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There was once a time when many people had adapted to the lockdown-era work-from-home life so well that it looked like they could continue benefitting from this arrangement even long after COVID-19 lockdowns were a common occurrence.
However, recent hikes in household bills have led many workers based at home to consider returning to the traditional office. If you are one of these workers, how can you transition yourself to the office in a way that keeps many of your current tried-and-tested work practices intact?
Energy prices are painting an increasingly scary picture
For millions of UK households, the average yearly energy bill will grow from £1,971 to £3,549 this October, ITV News notes. However, this price cap is expected to surge even further in the winter.
“Using extra energy when the heating would usually be off will be especially noticeable on bills this year with prices rising by 80%,” Uswitch energy spokesman Ben Gallizzi has commented.
He added: “Not only do people working from home use more energy staying warm, they are also cooking lunch and making cups of tea, as well as running computers, TVs and phone chargers.”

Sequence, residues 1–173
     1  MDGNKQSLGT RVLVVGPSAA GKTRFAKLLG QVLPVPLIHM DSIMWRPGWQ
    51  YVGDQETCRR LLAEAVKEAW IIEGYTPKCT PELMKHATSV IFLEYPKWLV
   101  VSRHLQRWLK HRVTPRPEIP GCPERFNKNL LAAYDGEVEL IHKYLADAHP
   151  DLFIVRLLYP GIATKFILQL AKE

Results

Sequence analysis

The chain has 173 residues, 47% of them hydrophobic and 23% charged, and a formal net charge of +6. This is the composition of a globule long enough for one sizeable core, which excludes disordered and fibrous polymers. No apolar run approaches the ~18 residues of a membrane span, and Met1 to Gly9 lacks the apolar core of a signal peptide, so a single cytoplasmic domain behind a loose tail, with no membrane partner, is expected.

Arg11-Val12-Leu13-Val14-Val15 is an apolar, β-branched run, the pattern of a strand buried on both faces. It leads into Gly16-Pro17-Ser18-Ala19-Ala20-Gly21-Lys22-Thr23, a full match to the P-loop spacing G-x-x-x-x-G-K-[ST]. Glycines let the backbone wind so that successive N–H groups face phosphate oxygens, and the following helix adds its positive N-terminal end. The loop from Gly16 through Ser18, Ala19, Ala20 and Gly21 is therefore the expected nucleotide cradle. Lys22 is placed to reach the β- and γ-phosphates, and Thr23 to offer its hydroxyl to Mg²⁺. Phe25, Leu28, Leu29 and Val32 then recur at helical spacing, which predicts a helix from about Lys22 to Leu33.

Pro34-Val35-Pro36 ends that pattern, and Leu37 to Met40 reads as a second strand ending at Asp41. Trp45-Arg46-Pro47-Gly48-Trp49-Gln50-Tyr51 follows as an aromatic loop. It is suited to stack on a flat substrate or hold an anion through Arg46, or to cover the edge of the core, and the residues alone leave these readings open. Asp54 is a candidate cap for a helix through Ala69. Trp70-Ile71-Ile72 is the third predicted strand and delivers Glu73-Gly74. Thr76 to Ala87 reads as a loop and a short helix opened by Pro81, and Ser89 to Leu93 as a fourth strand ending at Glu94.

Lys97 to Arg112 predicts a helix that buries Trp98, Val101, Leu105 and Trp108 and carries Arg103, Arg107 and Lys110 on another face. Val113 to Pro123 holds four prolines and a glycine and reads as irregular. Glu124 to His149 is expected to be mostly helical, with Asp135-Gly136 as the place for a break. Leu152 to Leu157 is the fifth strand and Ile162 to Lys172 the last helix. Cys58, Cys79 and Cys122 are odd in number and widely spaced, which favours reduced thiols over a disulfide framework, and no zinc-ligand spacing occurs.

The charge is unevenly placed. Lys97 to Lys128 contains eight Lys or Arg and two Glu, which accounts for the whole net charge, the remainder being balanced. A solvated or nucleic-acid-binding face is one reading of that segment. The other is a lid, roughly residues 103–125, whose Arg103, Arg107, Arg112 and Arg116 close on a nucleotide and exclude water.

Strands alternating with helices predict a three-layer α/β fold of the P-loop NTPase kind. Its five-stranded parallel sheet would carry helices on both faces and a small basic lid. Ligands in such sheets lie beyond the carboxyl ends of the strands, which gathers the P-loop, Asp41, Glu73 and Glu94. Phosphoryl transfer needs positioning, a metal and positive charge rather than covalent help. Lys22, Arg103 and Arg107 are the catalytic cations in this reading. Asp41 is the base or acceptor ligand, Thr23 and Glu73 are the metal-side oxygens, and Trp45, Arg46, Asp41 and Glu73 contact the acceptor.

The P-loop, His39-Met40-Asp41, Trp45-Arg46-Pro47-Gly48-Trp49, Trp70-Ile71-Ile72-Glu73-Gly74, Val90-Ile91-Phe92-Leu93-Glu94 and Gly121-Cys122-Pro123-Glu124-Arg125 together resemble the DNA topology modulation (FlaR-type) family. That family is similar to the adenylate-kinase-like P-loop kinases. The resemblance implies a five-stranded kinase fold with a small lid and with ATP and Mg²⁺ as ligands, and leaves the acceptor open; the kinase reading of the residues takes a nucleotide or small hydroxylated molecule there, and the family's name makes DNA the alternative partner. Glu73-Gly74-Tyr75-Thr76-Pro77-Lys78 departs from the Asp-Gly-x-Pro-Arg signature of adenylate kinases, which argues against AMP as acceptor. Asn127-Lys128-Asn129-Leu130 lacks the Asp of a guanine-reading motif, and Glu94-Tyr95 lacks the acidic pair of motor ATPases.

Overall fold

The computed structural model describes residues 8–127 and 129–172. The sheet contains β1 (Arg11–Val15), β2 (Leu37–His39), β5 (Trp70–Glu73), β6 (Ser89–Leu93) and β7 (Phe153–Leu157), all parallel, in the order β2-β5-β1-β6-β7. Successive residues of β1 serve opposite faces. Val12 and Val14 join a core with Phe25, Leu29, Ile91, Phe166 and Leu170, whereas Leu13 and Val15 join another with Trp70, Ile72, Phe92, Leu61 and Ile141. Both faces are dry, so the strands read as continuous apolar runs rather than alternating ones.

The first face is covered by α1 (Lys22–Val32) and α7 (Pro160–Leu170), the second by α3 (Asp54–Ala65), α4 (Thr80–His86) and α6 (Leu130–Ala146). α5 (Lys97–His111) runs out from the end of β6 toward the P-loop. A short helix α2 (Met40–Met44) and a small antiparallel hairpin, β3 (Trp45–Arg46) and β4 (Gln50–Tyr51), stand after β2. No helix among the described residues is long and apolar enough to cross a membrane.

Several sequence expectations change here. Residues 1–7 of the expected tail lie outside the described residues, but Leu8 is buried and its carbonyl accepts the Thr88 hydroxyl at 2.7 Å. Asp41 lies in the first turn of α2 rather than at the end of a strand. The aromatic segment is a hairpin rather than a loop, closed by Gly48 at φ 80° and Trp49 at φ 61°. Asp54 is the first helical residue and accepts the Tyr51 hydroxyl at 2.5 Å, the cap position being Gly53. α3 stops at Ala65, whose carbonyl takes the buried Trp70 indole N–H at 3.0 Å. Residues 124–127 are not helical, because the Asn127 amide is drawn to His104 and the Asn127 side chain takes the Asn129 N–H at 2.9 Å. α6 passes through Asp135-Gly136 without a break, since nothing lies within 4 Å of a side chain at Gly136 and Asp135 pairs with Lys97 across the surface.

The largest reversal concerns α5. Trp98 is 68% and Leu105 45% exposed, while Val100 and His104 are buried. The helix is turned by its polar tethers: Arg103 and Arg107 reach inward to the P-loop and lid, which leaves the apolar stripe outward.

The traditional office is noticeably becoming more attractive
According to research by MoneySuperMarket, some 14% of Britons intend to spend more of their work time in this office as a way of saving on home energy bills. This percentage rises to 23% among Britons aged 18-24.
Similarly, in a YouGov poll highlighted by Workplace Insights, 23% of workers aged under 35 who have the option of working from home have admitted that they would contemplate coming into the office more often due to increasing energy prices.
Nonetheless, returning to the office can come with its own costs — like those of commuting and, in the case of working parents, childcare. So, you could still find yourself somewhat torn between home and the office — and, as a result, potentially hold off committing fully to either option.
Could your work practices take a big hit if you do return to the office?
Not necessarily. It’s not impossible that many methods you have grown accustomed to at home could easily be used in the office as well.
Now could actually be a good time for you to take up a few new work habits that you know you could seamlessly take with you as you shift between home and the office. That way, if you need to keep making that shift in either direction, you shouldn’t face too much disruption in the process.
For example, you could now set up a webinar platform on your work computer, allowing you to hold webinars as and when useful. What is a webinar? Search Engine Journal describes it as “an online seminar”. So, what is a webinar platform? Just click that link for a good answer.
Meanwhile, keeping an array of work files in cloud storage would make it simple for you to access those documents again, regardless of whether you attempt to do so from home or the office.
You may also like: 5 Reasons Why Some Businesses Failed to Make the Most Out of the Work From Home Situation
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